Module 1-2 The Chef’s Knife

Let’s start by watching a video on honing vs. sharpening a knife.

This video covers Basic Knife Skills.

In the kitchen you need the right tool for the right job. This begins with a quality chef’s knife that you will use for almost any task that takes place on the cutting board.  The chef’s knife is probably the most used tool other than your pots and pans.

I am not an expert on chef’s knives. However, I can share the websites that I found helpful. I was surprised at how expensive chef’s knives can be. I have seen them as low as $19.99 and in excess of $300. (Yes, that is for only one knife). Initially, I didn’t see the importance of spending more than $20 for a knife. However, as I did my research, I realized that an affordable, quality knife is important. There are very few recipes that don’t require you to carve, dice, or chop something.

There are a few qualities that are important to consider when shopping for the right chef’s knife for your kitchen.

  • It needs to be sturdy enough to last
  • It needs to stay sharp or be easy to sharpen
  • It needs to comfortable to use

As a home cook and gramma I don’t feel that I need to spend $300 on a knife. However, I did want a quality, functional knife. I decided to see what I could find for $100 or less. The Mercer Culinary M23510 Renaissance 8-Inch Chef’s Knife is what I chose. It has an affordable price tag below $50 on Amazon.

Mercer M23510 8-in. chef knife

What to look for in a knife

Mercer verse Wusthoff knives

In my research I learned that you should go to a cutlery or cookware store so that you can try before buying. There are many reasons why I chose not to do this with the primary one being, “I didn’t want to.” Instead, I looked at several review sites on chef’s knives. One of my favorite review websites is  America’s Test Kitchen. I love this website and have learned a lot there. They have recipes, equipment reviews, and prescription-based video classes. The downside that it is a prescription service. However, they have a lot of information that is free.

Today.com – This website provides reviews of several chef’s knives that are under $100. Although, I didn’t go with one of their recommendations, I think any one of these would be a great addition to a home kitchen. They have reviewed several knives that are under $100.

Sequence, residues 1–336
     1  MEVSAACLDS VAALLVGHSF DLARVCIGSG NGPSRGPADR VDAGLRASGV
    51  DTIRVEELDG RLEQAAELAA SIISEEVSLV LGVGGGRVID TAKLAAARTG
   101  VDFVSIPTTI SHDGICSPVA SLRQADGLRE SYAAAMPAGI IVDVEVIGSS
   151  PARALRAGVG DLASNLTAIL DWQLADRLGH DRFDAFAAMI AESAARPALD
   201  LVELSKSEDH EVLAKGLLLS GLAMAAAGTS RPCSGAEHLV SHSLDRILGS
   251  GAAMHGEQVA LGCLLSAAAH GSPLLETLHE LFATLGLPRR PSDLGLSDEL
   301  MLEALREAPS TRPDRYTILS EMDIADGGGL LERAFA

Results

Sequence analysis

Reviews.com – I chose not to buy there recommended starter knife and chose a Mercer knife instead. I don’t like the idea of a handle made from plastic. However, Amazon reviews their top pick in excess of 4 stars.

Wirecutter.com – Their budget pick is the Wusthof Pro 4862-7/20. From what I have read, Wusthof knives are one of the top picks in the chef’s world. This knife sells for around $30.00 on Amazon. I didn’t chose this knife because I didn’t like the shape of the handle.

Anatomy of a chef’s knife

The handle: A good handle is one that feels comfortable and ­secure to you. You shouldn’t have to strain to hold onto it, and it shouldn’t feel slippery when wet. There should be enough clearance on its underside that you don’t bang your knuckles as you chop (the height of the blade affects this).

The bolster: The bolster is the thick portion of metal where the blade and handle meet. The bolster can add strength and stability to a knife as well as act as a ­finger guard for your gripping hand. Some forged knives have only partial bolsters, which don’t extend all the way to the blade’s heel, and some knives, especially Japanese-style knives, have no bolster at all. An advantage to partial- or no-­bolster knives is that you can sharpen the full length of the blade, right through the heel. As you hold a knife, notice the slope from the bolster to the blade. It may be pronounced or gradual, but neither style should make you feel like you have to tighten your grip.

The heel: The heel is the broadest and thickest part of the edge with the greatest heft. It’s meant for tasks that require force, such as chopping through poultry tendons or the hard rind of a winter squash. Watch out for knives that “thunk” at the heel when rocked. The heel shouldn’t abruptly stop the rocking motion. Nor should it be so curved that the blade wants to kick backward.

The spine: This is the top portion of the blade, and it typically has squared edges. Note whether the edges feel polished or sharp and rough, which can potentially irritate your gripping hand. The spine should also taper at the tip; a thick tip will be hard to work with.

The edge: A good chef’s knife should be sharp right out of the box. To evaluate sharpness, try slicing through a sheet of paper. A really sharp knife will make a clean, swift cut. (Of course, if you have the opportunity, chop some food, too.) Also note the line of the blade. A gentle curve from the tip to the heel can help the knife smoothly rock back and forth during chopping and mincing.